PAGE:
Were I based in New York City or Los Angeles, I would likely be a union performer as those are primarily union towns and most of the work they do goes around the country. That said I have done work in both cities as a non-union performer.

What does dishearten me is how the two main performance unions cannot either get along or better yet merge into one stronger union. The politics of it all, the turf battles and what seem to be egos in this battle must certainly be a turnoff for other observers besides me.

I hope it gets worked out amicably for my performing peers.

Whatever your opinions, I look forward to a civil discussion here 🙂

California voice talent Bobbin Beam also writes on her blog about this situation, from the perspective of a union member.

a special morning treat

Z-100, New York logo all rights acknowledged

Sometimes when I read my Google Alerts I come across some really fun and unexpected stuff.

The first thing I found in my alerts was a link to voice talent Joe Symanski’s blog, which I have added to my blog list on the right. Great content.

If I haven’t added your voice over blog to my blog roll, let me know. Usually I try and keep up on new blogs by reading Bob Souer’s blog roll because he’s awesome about linking to everybody but still I miss stuff.

Included in that great content from Joe Syzmanski was a video produced back in January for the NAB meeting featuring Z-100 production director Dave Foxx. Amazing insight and candor from an imaging master (save for his annoying cigarette habit).

Then after that You Tube video was done, there was a list of a bunch of voice over and jingle related videos on You Tube that I know I’ll enjoy watching if I ever get the time (which is probably why I missed all of the above in the first place).

Oh well, I get to stuff eventually. And there’s this really cool new band that I think is going to be very big soon called the Beatles. Check them out and remember where you heard it first.

if your web site is your store, are you displaying a “closed” sign?


People look at me funny for many reasons, one of them being my preoccupation with Search Engine Marketing or Search Engine Optimization. I personally understand about only 1/16 of the rules of SEM, most of the content being like Sanskrit to my brain. But I get its importance (both to web sites in general and my business particularly) and I hang on every word of the experts I know personally to try and derive some nugget of information that will help my web site perform better on search engines. That’s a big chunk of my marketing focus, always has been.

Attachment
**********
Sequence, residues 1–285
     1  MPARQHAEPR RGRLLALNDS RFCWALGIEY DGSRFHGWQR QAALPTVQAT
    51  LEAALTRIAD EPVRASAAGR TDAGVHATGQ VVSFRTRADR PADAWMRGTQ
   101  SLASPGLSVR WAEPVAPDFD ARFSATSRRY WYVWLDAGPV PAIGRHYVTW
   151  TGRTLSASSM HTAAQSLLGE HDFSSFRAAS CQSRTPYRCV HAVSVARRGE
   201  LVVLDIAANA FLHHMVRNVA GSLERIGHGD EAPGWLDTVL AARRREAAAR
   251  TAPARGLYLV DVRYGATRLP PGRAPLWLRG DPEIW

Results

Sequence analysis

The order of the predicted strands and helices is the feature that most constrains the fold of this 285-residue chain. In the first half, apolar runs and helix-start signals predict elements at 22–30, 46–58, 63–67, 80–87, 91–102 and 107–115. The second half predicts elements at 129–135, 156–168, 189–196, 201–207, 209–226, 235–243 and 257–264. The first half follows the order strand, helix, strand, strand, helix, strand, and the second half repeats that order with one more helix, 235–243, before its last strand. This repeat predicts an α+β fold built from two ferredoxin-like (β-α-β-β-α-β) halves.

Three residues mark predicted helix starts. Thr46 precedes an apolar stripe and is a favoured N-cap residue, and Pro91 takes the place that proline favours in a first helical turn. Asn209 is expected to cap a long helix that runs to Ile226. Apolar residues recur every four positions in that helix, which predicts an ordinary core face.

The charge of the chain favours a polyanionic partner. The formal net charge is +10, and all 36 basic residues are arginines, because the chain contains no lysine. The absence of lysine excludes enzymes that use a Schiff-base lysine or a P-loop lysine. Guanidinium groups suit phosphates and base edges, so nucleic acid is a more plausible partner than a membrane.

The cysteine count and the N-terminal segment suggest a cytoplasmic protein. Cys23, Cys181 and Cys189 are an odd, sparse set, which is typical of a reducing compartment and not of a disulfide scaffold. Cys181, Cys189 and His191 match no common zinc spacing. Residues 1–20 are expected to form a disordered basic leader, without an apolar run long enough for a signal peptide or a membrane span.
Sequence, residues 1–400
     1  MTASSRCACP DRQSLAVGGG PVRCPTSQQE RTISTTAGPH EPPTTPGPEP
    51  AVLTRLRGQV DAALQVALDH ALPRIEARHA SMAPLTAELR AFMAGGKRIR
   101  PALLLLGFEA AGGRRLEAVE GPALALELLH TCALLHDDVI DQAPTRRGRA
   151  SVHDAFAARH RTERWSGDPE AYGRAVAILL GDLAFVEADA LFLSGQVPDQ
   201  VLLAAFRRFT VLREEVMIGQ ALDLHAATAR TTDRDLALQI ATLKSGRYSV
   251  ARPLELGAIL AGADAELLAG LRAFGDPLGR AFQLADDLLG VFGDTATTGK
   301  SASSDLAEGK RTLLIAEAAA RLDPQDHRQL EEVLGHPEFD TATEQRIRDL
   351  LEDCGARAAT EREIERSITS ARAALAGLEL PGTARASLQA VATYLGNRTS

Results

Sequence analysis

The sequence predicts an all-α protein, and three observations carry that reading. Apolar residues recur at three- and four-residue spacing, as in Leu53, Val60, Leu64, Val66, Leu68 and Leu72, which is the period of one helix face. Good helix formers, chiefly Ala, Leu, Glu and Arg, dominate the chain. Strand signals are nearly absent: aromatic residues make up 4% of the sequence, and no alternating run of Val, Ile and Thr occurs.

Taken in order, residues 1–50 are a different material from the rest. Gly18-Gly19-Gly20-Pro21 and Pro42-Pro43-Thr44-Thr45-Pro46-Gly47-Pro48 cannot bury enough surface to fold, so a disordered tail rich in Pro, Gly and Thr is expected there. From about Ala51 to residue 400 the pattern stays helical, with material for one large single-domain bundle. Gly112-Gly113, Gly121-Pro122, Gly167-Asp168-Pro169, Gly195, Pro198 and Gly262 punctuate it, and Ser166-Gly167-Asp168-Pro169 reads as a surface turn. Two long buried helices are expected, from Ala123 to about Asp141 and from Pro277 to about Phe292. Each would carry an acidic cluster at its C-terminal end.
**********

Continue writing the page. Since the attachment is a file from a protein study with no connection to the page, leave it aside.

Well recently, it wasn’t so much for monitoring progress and Google rankings (though I do check my key words) as it was adding to my Google bookmarks the web sites of some of my fellow voice talents whom I know, respect or can otherwise learn from (no, not steal from, but sincerely learn from). The bookmarks are placed on my Google toolbar which has become a very handy resource for me because it’s available to me on any computer in the world. If you don’t have it or something like it, boy I sure would recommend you drop your Explorer or Firefox tool bar and use Google’s.

I thought an easy way to find my friends’ web pages would be to just Google my own big generic keywords for our industry and my peers would show up in the first ten pages of any one of 4-6 keywords. Those keywords didn’t include Peter O’Connell or anything regarding audio’connell as I search those keywords only when I need a significant ego boost (less than I used to, now it’s only daily instead of hourly).

Most of my peers didn’t show up. Gulp. 10 pages (or the top 100 sites) on keywords that most should show up on. Not there.

It’s extremely possibly that their marketing objectives for their web sites are different than mine. I know there are a few that use their sites solely as a web brochure and have really no interest in keyword search. For others, their brand is only their name and their city. For still others, it’s their specialty like radio imaging or promo voice. I’ll leave it to them to know whether those words are popularly searched by their target market or whether they’re just hoping they are popularly searched. God speed on that one.

But to my mind, if you’re not aggressively working on keywords in your web site’s text – first knowing the best ones (a herculean task, I’ll admit) then second, using them effectively – I don’t understand how your web site can be truly effective/found. If people can’t easily come upon your site (because let’s assume they don’t know you or your company exists) they aren’t going to find you on page 20 of Google. They won’t go that far. And you’ve lost a sale…oops, there goes another one right now.

But, maybe I’m wrong.

it’s mourning again in america


Not everyone will remember the 1984 re-election campaign of President Ronald Reagan but it featured not only one of the best made political commercials ever but simply one of the most effective commercials of any kind ever made.

It was made by a San Francisco ad man named Hal Riney, who owned Hal Riney & Partners, and some other prominent ad men who were part of the “Tuesday Team” who helped ensure Reagan and Bush were reelected that year.

Besides the fact that Riney and his partners did amazing work for clients like General Motors and Gallo Wines (great interview on the campaign here from KCBS-AM), he was among one of the great voice talents ever to breath into a microphone. He was one of two ad men that I would qualify as outstanding voice talents (the other being Ferdinand Jay Smith from Jay Advertising).

Hal Riney died today at age 75. His creativity and his voice are but two small parts of his legacy.

I’d be happy with just one of them.